The University of Arizona suspended assistant men's basketball coach Emmanuel "Book" Richardson Tuesday after he was arrested by the FBI on corruption charges. The UA also postponed plans for a Wednesday media day for the team. The event has yet to be rescheduled.
Statement from Arizona athletics: pic.twitter.com/Cro3XkOH0M
— Erica Weston (@EricaLWeston) September 26, 2017
Richardson has not been fired but has been relieved of all duties.
Here is the UA's official statement:
We were made aware of the Department of Justice's investigation this morning and we are cooperating fully with the FBI and the U.S. Attorney's office. Men's basketball assistant coach
Emanuel Richardson was immediately suspended and relieved of all duties.
We were appalled to learn of the allegations as they do not reflect the standards we hold ourselves to and require from our colleagues. The University of Arizona has a strong culture of compliance and the expectation is we follow the rules.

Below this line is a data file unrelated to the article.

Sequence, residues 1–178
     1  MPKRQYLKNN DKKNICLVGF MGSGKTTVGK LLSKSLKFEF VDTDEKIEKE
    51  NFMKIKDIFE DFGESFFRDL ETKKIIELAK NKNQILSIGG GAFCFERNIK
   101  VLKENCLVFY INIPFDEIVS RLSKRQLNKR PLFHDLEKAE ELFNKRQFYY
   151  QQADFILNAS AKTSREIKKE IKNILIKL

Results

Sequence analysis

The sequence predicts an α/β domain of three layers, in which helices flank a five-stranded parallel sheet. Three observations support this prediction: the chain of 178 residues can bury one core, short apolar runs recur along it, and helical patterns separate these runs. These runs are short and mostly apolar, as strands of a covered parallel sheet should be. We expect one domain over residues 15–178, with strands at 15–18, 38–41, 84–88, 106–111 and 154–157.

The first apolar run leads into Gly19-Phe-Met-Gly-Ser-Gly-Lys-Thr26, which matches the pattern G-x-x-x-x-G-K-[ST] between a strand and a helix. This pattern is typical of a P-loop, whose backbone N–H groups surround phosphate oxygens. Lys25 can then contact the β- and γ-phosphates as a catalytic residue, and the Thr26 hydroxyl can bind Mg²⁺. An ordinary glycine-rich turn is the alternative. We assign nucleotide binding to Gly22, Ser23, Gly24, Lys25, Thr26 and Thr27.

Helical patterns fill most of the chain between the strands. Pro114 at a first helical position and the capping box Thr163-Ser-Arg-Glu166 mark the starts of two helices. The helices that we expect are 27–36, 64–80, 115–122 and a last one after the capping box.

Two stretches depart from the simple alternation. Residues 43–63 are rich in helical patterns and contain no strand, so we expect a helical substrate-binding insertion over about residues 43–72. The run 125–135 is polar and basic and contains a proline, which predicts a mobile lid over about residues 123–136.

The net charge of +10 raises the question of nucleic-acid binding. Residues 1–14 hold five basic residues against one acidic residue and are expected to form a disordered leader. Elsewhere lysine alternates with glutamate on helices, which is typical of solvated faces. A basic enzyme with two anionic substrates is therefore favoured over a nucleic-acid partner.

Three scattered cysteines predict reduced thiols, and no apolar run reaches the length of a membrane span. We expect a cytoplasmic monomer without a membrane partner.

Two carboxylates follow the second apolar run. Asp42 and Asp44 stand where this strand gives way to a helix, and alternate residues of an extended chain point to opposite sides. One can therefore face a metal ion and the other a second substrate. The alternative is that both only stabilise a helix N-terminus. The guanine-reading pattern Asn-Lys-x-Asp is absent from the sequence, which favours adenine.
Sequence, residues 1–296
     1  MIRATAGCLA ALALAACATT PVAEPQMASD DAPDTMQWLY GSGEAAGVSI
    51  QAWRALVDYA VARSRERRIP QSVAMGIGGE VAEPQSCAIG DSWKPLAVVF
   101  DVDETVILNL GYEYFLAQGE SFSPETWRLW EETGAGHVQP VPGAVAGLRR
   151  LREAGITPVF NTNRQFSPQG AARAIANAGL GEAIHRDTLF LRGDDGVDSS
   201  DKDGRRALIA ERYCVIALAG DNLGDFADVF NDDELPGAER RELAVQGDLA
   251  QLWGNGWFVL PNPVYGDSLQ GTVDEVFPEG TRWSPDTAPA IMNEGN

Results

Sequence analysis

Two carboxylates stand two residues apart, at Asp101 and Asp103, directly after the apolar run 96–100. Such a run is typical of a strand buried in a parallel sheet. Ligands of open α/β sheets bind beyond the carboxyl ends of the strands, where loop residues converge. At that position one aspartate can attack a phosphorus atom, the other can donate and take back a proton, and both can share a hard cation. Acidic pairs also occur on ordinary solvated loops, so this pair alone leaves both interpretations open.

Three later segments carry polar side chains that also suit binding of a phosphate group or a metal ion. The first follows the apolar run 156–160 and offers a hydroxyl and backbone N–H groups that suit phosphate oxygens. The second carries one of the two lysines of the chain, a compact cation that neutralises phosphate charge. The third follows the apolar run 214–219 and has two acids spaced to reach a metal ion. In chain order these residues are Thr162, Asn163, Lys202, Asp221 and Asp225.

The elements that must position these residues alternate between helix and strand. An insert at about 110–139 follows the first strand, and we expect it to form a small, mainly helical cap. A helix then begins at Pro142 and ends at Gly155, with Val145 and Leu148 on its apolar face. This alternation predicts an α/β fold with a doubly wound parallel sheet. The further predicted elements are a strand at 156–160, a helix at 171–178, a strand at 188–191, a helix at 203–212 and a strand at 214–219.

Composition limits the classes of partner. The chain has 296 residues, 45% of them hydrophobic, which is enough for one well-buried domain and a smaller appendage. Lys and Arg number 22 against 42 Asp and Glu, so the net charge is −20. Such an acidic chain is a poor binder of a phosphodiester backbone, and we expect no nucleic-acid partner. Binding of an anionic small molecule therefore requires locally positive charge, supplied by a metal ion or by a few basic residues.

Arizona Athletics added a statement of its own:
We became aware of the situation involving one of our men's basketball coaches Emmanuel Richardson this morning. We have been working in conjunction with the University, and have confirmed that Richardson has been suspended effective immediately. We will cooperate fully with authorities as they move through their investigation.
We work under the basic directive that all department personnel operate within applicable laws and NCAA rules. The behavior that Richardson is accused of is completely unacceptable and does not reflect the principles of this athletics department.
The FBI has arrested several NCAA assistant basketball coaches on charges of fraud and corruption included Oklahoma State coach Lamont Evans, Auburn coach Chuck Person and USC coach Tony Bland.
Those coaches were among 10 charged in New York City federal court. Others included managers, financial advisers, and representatives of a major international sportswear company.
In court papers, prosecutors said the FBI has been investigating the criminal influence of money on coaches and student-athletes who participate in intercollegiate basketball governed by the NCAA since 2015.
During a news conference on Tuesday, charges were unsealed in Manhattan federal court.